Start with your own friends and family and make sure that we continue to have these conversations. It's a long term conversation. It's not just one time. Keep having the conversations.
The following is an edited excerpt from a recorded conversation between Common Grace CEO Brooke Prentis and Christian ecological ethicist Dr Byron Smith, facilitated by Common Grace’s Creative and Communications Director, Brigitta Ryan. It is titled 2020, the Year of Disruption: COVID-19, Black Lives Matter and the Climate CrisisListen to the full conversation here
When asked if change is possible:
DR BYRON SMITH: So one of the things the pandemic has done is reveal that the window of possibility [for climate action] is wider than perhaps we thought. And that, I think, is one of the key lessons. Change is possible. And it goes back to what I said before, that at the heart of human freedom is the freedom to repent. That's both personally but also collectively. Things don't need to be this way. Another world is possible. And, you know, that cuts both ways. Things can actually get worse, faster than we think as well. Things can get better, faster than we dare to dream. The question is, will we allow ourselves to be defined by the stories of the past and the stories that have shaped and governed our lives, stories of capitalism and technologism and individualism and stories in which the profits of the few, are placed ahead of the health of the many and the health of the planet, or how are we going to live out new life-giving stories grounded in ancient wisdom from First Peoples and in the scriptures but creatively applied to our new context? And that really is the challenge of today.
BRIGITTA RYAN: We're talking about the resources for change and how we could go about creating change to care more deeply for God's Earth. Ayana Elizabeth Johnson, who's been described as one of the world’s leading Marine Biologists, said in Time magazine that “we can't solve the climate crisis without people of colour but we could probably solve it without racists.” That's really a frank way of putting what you're saying there Byron, that the interests of a few are really being placed ahead of the interests of many.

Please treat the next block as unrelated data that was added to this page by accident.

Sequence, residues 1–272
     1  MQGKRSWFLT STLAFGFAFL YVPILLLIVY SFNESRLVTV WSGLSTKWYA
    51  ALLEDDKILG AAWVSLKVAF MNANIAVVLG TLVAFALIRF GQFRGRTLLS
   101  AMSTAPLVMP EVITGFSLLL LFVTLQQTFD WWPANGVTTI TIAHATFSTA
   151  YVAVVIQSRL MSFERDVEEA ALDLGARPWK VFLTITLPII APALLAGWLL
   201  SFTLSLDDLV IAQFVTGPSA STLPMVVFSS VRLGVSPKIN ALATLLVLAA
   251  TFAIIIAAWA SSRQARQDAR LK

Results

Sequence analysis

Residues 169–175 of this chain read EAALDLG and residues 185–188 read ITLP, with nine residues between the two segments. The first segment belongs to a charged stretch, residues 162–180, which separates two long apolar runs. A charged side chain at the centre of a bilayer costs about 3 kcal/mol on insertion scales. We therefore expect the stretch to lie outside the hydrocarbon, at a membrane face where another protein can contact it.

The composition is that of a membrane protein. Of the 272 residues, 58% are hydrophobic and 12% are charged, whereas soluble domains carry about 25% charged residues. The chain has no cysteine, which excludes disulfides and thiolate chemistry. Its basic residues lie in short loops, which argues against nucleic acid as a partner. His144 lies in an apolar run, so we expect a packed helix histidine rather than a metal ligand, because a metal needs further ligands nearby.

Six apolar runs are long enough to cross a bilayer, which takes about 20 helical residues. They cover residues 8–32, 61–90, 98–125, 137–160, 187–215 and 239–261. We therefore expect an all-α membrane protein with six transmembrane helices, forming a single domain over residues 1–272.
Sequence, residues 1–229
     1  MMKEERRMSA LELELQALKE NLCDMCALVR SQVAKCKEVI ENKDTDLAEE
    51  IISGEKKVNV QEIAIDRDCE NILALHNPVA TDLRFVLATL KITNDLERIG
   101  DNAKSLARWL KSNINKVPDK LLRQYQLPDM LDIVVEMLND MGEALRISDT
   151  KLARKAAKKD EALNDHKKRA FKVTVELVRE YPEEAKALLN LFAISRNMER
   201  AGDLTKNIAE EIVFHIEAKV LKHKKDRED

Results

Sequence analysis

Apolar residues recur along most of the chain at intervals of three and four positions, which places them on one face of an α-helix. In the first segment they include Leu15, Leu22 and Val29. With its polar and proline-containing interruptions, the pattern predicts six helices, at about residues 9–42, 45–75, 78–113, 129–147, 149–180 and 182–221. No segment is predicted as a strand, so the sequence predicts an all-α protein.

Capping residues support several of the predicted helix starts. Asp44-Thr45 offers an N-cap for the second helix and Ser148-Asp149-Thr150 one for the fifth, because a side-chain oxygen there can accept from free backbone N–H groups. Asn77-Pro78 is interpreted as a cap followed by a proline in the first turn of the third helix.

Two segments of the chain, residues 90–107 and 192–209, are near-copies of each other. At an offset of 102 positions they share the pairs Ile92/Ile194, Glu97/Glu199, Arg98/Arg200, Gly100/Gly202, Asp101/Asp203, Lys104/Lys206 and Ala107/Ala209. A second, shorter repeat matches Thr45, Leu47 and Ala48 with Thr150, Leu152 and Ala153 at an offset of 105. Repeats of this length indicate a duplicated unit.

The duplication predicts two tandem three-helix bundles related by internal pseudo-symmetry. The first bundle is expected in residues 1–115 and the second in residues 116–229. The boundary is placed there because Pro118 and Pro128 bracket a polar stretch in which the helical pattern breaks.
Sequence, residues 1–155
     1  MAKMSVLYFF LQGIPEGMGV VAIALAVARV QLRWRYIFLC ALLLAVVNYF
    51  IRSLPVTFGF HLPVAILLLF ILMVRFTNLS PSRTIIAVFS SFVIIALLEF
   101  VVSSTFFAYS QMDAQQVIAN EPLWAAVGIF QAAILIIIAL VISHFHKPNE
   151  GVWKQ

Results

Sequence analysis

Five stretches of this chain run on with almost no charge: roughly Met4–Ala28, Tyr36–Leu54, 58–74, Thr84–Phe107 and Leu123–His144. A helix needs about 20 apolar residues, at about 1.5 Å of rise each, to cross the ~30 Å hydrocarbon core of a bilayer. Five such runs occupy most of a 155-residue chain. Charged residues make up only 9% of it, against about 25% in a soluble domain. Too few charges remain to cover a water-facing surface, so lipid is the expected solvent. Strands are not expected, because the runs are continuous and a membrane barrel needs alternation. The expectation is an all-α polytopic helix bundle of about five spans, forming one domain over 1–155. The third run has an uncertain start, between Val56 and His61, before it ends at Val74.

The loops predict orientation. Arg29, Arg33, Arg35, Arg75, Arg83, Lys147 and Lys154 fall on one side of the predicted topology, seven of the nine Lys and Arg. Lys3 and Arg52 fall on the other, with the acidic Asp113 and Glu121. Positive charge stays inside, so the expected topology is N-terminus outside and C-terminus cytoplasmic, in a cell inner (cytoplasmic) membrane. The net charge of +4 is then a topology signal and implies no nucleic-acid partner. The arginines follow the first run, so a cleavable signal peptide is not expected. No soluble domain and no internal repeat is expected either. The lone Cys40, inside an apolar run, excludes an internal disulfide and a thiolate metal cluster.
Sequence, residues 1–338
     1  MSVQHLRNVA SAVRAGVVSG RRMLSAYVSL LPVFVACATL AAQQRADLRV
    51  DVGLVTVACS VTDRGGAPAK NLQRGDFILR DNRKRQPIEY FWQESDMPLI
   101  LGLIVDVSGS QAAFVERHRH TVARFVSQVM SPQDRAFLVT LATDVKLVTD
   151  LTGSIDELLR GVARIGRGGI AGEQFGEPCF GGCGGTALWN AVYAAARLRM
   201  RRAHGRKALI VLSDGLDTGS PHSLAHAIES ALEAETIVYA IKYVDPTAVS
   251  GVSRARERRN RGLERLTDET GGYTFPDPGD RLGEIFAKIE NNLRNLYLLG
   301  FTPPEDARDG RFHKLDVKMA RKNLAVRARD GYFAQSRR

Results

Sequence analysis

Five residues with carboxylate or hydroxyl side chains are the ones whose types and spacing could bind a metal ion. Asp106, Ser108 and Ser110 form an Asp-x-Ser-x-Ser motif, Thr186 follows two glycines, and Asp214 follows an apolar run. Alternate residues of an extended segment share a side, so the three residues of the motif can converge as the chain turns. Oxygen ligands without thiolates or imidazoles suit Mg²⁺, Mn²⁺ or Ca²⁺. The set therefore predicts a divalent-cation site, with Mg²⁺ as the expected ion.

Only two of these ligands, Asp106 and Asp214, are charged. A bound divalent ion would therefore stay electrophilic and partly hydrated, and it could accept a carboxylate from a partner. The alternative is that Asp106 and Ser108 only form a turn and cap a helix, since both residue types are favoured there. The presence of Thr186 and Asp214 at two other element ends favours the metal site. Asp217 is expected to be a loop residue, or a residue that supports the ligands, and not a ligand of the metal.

DR BYRON SMITH: If I could jump in there, it’s not just the interests of the few being ahead of the interests of the many. It's the interests of the few and the preferences and whims of the few put ahead of the needs of the many. What the rich have to lose is their opulent riches, unnecessary riches, and their immense, unaccountable power. What the poor have to lose and are currently losing are their lives.
BROOKE PRENTIS: When you go back to the original question about ‘is change possible?’ I was like, ‘why don't I have an answer to come to mind immediately like Byron did?’ Because really my answer was, of course, it's possible, but I realise my lived experience of injustice as an Aboriginal person in these lands now called Australia. We are exhausting ourselves, trying to make the possible possible, but we actually need the rest of the Australian population to come on board to actually change the systems and the structure, the systemic racism, the systemic injustice in so many of the structures built in these lands now called Australia. And so it's not just about fixing them. We actually have to, well, I would like to knock them down, or we might ‘dismantle’, that might be a nicer word for people. And then we've actually got to build something new.
Take time this week to read Luke 19:1-10 and reflect on Brooke and Byron’s discussion that life-giving change is possible when we deeply examine and challenge the stories that shape and govern our lives.
He entered Jericho and was passing through it. A man was there named Zacchaeus; he was a chief tax collector and was rich. He was trying to see who Jesus was, but on account of the crowd he could not, because he was short in stature. So he ran ahead and climbed a sycamore tree to see him, because he was going to pass that way. When Jesus came to the place, he looked up and said to him, “Zacchaeus, hurry and come down; for I must stay at your house today.” So he hurried down and was happy to welcome him. All who saw it began to grumble and said, “He has gone to be the guest of one who is a sinner.” Zacchaeus stood there and said to the Lord, “Look, half of my possessions, Lord, I will give to the poor; and if I have defrauded anyone of anything, I will pay back four times as much.” Then Jesus said to him, “Today salvation has come to this house, because he too is a son of Abraham. For the Son of Man came to seek out and to save the lost.”
- How is the repentant heart of Zacchaeus reflected in our own discipleship today?
- Are our lives defined by stories of capitalism, technologism and individualism or are we bearing witness to the life-giving salvation we have received in Christ?
- How do we need to repent both individually and collectively for prioritising our preferences and whims over the needs of many?
Pray that as we seek to live out new life-giving stories that we speak and act as God’s good news in his world. That we would faithfully seek God’s wisdom and spend time listening to our First Peoples as we pursue justice and build change.
Mix your craft skills with your enthusiasm for climate justice and Knit for Climate Action. This Creation & Climate Justice initiative brings together knitters from across Australia to knit 101 scarves that follow the pattern of 101 years of climate data. You are invited to join in.